Politics and the Church

Several years ago I had the privilege of hearing an older gospel preacher preach on the subject of problems facing the church. I believe the lesson helped me more than any one lesson I’ve ever heard on the subject, because he spoke from his obvious years of experience and wisdom putting the problems of the church into perspective. As a young man I had the tendency to get excited at times thinking where all of the troubles will lead, but this senior gospel preacher surveyed the New Testament church and showed that God was in control and that good finally does win out over evil.

One of the issues dealt with in the lesson was the issue of politics in the church. The older brother simply stated, “It has always been that way.” You see the truth is, it has always been that way because the Lord’s church is made up of human beings who from time to time are tempted and fall into the trap of being political in the Lord’s church. Even the casual observer can easily see from brotherhood publications and lectureships across the country, even around the world, that some people seem to run together. It is almost like a club or a fraternity sometimes. I have talked to my brothers in Christ and asked questions of them and they have referred me to one of their club, even on occasion saying “He’s the best.” Well, that may be the case, but sometimes it is the case that “he” is just a good friend with whom one is comfortable and does not seem to pose a perceived threat to him personally or professionally. What am I saying? That all such associations are wrong and harmful? No, but if such associations serve to weaken the Lord’s church and harm the body of Christ, then forget the politics—the kingdom comes first!

An example of New Testament politics is found in Galatians 2 when the apostle Peter was confronted with the problem of Judaizing teachers versus Gentile Christians. So long as Peter was with the Gentile brethren everything was all right and he would eat with them. But, when the Judaizers came around the pressure led even the apostle Peter and Barnabas to succumb to the politics of the day and withdraw themselves from the Gentiles, giving their attention to the Jews only rather than treating both equally. When Peter arrived at Antioch, Paul withstood him to the face “because he was to be blamed” (v. 11). If all were to be one in Christ as Peter himself concluded from his dream in Acts 10:34-35, then the politics of separation over circumcision was devastating to the body of Christ, the church. I think all Bible students who read the account of Galatians 2:4-13 find themselves endeared the more to the great apostle Paul who would not allow fleshly barriers to separate him from the fellowship of Christ.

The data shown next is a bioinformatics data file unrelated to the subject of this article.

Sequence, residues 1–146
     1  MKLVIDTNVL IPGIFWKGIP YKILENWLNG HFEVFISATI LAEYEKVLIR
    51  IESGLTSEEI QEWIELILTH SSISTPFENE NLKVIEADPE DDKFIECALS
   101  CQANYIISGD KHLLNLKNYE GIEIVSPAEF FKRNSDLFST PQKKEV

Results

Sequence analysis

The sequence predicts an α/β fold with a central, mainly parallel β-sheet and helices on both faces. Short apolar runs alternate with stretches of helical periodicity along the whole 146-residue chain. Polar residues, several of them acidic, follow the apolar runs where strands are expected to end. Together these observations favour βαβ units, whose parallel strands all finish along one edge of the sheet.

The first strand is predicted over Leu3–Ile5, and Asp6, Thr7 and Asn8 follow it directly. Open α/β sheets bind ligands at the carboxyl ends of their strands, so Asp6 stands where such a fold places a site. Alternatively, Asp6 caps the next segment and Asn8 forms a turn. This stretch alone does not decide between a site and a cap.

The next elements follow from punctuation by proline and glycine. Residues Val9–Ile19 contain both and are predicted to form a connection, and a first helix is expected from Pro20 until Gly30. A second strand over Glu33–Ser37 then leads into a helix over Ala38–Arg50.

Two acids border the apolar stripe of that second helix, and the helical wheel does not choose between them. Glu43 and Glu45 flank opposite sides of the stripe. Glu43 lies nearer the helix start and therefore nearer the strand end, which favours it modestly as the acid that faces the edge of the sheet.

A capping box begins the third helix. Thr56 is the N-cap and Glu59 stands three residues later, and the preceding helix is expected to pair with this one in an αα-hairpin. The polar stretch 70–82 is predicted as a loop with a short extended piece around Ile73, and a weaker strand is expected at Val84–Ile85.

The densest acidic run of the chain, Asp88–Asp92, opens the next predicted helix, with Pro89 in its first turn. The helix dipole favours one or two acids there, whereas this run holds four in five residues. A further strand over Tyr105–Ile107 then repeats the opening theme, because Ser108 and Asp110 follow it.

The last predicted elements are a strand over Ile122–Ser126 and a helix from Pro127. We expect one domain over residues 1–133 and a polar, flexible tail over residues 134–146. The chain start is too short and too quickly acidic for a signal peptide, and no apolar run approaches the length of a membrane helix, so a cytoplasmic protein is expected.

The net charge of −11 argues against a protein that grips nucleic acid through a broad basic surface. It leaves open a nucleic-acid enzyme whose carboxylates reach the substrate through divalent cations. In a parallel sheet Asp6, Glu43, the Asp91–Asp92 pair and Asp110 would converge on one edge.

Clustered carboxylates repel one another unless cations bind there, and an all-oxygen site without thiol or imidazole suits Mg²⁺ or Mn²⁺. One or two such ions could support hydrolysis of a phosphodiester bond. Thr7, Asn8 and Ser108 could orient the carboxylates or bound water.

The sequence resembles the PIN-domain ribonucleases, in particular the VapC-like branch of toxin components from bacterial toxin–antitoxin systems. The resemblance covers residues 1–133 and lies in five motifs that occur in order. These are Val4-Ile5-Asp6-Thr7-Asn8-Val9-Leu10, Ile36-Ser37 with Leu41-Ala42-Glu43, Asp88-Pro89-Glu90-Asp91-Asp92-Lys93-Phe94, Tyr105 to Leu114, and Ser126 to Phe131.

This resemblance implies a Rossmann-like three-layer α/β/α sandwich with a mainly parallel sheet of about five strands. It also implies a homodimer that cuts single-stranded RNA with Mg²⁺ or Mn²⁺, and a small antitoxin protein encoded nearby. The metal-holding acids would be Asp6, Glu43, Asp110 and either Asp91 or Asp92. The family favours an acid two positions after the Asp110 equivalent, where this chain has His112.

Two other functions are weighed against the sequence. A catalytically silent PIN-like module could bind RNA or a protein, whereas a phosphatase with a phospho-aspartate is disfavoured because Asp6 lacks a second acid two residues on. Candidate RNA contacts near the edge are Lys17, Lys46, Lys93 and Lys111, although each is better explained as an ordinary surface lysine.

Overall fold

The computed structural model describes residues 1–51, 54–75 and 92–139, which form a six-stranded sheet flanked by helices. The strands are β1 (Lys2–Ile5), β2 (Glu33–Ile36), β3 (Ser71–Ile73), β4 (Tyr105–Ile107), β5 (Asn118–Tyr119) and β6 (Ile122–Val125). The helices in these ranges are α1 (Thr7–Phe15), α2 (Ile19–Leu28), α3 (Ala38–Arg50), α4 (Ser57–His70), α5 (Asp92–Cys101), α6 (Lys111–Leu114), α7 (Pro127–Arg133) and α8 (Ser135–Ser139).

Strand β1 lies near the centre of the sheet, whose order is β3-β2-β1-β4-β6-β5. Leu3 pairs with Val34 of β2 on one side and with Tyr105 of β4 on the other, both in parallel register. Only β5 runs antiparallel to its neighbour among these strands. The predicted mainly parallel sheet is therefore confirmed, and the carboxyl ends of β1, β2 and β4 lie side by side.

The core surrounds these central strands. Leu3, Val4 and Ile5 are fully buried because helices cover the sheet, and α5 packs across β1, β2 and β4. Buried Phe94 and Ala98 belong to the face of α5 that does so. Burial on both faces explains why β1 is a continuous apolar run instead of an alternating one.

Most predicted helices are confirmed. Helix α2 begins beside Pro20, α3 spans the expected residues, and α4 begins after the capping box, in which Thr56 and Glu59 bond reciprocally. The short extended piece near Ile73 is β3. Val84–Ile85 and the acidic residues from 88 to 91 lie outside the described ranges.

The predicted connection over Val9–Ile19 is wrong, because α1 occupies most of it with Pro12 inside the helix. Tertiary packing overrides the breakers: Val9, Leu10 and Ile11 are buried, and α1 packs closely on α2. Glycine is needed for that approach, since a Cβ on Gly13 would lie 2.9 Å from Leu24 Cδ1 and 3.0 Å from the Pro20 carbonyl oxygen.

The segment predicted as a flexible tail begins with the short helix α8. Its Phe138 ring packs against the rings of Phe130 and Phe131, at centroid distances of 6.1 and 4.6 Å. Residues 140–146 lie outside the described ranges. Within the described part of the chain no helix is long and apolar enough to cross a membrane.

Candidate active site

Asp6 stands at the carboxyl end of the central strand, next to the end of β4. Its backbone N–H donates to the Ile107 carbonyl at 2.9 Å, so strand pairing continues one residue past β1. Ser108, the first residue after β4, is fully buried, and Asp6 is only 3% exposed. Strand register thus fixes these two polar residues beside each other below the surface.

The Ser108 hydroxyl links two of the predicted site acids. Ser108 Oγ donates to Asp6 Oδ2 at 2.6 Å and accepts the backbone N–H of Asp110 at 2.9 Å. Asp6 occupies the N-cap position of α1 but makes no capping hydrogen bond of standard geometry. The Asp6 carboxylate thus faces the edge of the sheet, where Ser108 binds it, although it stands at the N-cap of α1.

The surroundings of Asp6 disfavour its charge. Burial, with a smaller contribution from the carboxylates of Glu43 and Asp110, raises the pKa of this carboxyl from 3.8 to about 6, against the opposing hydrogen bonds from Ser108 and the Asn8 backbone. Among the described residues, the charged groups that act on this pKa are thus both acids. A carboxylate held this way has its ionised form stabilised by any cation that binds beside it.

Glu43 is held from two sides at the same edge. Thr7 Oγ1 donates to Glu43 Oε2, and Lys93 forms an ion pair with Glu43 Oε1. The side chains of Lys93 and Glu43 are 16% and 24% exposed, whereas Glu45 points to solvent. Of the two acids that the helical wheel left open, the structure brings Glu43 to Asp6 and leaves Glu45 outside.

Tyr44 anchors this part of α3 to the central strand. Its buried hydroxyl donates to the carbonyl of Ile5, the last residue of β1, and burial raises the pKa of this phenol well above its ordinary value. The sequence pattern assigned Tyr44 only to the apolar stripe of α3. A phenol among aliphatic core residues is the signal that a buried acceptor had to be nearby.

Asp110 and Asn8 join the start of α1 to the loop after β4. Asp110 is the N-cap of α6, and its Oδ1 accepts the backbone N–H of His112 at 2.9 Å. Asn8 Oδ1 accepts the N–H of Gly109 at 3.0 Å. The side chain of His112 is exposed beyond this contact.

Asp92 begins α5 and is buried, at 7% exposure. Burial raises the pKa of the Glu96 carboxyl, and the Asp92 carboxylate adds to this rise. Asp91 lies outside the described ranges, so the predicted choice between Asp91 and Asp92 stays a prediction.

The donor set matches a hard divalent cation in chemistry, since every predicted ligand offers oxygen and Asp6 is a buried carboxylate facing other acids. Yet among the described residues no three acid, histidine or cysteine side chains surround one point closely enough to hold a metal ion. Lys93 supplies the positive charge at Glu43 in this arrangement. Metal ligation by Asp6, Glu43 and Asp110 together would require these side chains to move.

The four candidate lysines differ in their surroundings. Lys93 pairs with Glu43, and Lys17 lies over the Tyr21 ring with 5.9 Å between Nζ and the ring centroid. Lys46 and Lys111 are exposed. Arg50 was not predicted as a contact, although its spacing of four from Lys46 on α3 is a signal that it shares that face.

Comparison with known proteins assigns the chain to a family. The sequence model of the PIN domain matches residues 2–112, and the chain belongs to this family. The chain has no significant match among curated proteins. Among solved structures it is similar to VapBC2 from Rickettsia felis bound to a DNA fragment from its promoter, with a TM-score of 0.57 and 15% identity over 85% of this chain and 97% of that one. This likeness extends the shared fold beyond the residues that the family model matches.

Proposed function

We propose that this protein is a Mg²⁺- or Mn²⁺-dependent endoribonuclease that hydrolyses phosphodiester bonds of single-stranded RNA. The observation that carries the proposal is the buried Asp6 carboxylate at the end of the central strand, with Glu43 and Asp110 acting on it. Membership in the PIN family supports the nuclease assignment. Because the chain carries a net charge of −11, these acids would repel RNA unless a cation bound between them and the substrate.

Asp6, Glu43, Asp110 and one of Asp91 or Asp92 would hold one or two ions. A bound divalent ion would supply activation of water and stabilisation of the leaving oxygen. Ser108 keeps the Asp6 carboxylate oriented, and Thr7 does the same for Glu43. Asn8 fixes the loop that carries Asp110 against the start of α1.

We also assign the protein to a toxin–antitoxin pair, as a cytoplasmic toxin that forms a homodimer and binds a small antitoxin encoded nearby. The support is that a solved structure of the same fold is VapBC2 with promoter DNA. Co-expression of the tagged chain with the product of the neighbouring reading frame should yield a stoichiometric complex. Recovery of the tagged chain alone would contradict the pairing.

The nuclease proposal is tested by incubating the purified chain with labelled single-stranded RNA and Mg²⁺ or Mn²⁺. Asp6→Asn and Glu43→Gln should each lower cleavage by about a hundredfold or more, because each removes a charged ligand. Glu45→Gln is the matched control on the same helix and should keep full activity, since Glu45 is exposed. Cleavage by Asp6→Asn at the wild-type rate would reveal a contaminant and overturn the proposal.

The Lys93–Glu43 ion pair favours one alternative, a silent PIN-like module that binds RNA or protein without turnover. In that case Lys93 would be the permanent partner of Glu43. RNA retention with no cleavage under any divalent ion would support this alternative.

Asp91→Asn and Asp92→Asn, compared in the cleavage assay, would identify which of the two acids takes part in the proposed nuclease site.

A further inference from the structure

In fact, the inspired term for what Peter and Barnabas were guilty of was “hypocrisy” (Gal. 2:13). The word hypocrite has its origin in the idea of an actor playing a part or a role in a play, and that is exactly where politics will lead. Just as it led Peter to practice the exact opposite of what he had been preaching, politics will cause brethren of today to do the same thing. In fact, it will cause a brother in Christ to weaken or even give up a correct doctrinal position held, because his friend believes a different way, or a school has taken a certain position. I have observed that in a certain locality a dominate preacher may influence other preachers to even act irrationally sometimes because they feel threatened! Is Christ no larger than a man? Can a man’s dominate personality overtake one’s love for God? The messenger of God can never be pulled into such a situation for if he is then he ceases being the servant that God would have him to be. The answer to a church issue is a “thus saith the Lord” and not a political poll of one’s friends. A Bible answer to a problem is not even decided by a poll of the brotherhood or what position a journal takes but rather by the word of God (Col. 3:16; I Pet. 3:15). It is a sad thing when brother A refuses to respond to brother B’s error with a statement such as “he is my good friend, and I don’t feel comfortable criticizing him.” If God chastens every son (Heb. 12:6), then we should truly love our friend and brother when we show him or her the truth.

Finally, I’m glad that my final judgment rests in the hands of “the Lord, the righteous Judge” (II Tim. 4:8). As David said to Gad in the long ago, ” . . . let us fall now into the hand of the Lord; for his mercies are great: and let me not fall into the hand of man” (II Sam. 24:14). I believe King David knew something about the politics of mankind, don’t you? Everyone—especially leaders in the Lord’s church, should be diligent to keep fleshly politics out of the body of Christ. What if every member of the Lord’s church could meet on the common ground of the Scriptures and the common salvation in Christ (Jude 3)? I know the kingdom of our Lord would be better than it is today!

-David Hill

Ring Out the Message Blog Posts Tennessee Bible College

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